Dorrin K Mace, Horologost

Dorrin K Mace, Horologost
The Clock Man in a pensive moment

Sunday, May 14, 2017

Setting Time

Many times when a clock comes into the shop for repair, the customer has never actual run the piece.  This is most true with antique pieces acquired from family members or estates. 
When a clock is picked up we will ask the customer if they have ever operated the clock and if not, we will explain how to wind the clock and set the time (even if they have said they operated the piece we still may go over the basics just as a refresher course)
It is often the assumption of the new owner that clocks wind "Clockwise", that is FALSE.  All models wind differently thus our reason for reviewing the procedure.
Another assumption is that you can just move the hands backwards or forwards, whipping them around until the time shown is correct, this is also FALSE.  Although some modern clocks have instruction books that state you may move the hands backwards, it is always the prudent and safest to move the hands forward.  The reasoning is that parts may be damaged if the hands are moved backwards and the "setback" mechanism may no longer work properly.  Moving forward simply removes the risk of damage.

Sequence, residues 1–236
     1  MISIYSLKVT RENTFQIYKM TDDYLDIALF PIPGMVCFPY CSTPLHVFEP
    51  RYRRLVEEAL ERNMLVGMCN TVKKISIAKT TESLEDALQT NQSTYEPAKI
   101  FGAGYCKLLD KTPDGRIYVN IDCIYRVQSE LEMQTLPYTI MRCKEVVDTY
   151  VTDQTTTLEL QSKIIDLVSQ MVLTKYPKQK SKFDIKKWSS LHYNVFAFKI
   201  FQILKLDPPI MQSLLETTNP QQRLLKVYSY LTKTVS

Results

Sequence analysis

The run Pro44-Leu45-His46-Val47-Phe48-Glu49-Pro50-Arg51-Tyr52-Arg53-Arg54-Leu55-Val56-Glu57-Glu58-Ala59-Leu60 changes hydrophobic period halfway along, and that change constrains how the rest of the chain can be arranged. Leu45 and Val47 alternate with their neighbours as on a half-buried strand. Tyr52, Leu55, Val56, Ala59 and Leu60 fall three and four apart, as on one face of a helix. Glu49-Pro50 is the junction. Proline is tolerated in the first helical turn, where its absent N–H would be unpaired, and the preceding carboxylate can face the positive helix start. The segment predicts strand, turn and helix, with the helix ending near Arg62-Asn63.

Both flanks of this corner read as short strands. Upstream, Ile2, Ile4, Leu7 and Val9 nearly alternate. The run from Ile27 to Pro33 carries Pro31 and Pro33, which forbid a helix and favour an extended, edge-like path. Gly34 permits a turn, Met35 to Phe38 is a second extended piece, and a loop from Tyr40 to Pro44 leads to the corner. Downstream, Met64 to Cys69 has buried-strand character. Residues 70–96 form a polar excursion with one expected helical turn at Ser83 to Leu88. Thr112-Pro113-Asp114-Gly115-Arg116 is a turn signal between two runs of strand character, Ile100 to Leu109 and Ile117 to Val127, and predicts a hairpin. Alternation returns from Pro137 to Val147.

One other note of caution, do not move the hour hand, many hour hands are pinned into position and you WILL fracture the hand or damage the movement if you force the hour hand into position
     While setting the time it is also advised to stop when the clock is calling and let the call complete to avoid getting the chime train out of sequence.  What this means is, if the clock calls (makes a chime) at the full hour and half hour, you stop when the minute hand (the long one) is at the 6 and 12.  On a clock that plays a melody (i.e. Westminster chime) on the quarter hours, you would stop at the 3, 6, 9, and 12 position letting the clock complete its call at each stop.
One final piece of advice is that when setting the time, move the minute hand by grasping it close to the center arbor as shown below.


Often the clock owners will adjust the time by pushing the hand forward at the tip of the minute hand like this





Pushing the tip of the hand can cause damage to the hand.  Remember these hands are often finely cut mild steel, brass, or even aluminum.  Any resistance felt while adjusting the hand forward can bend or even fracture the hand.  In most instances, yes the hand can be repaired or a new one cut, however by simply adjusting the hand from the lower portion next to the arbor and stopping if resistance is felt, the chance of damage to the hand (and perhaps even the clock movement) is minimized.

And remember, should you have any questions or concerns, contact you local Horologist.  Should you not have a local clock smith, email me at Pineknoll@zoominternet.net or message me through this blog.

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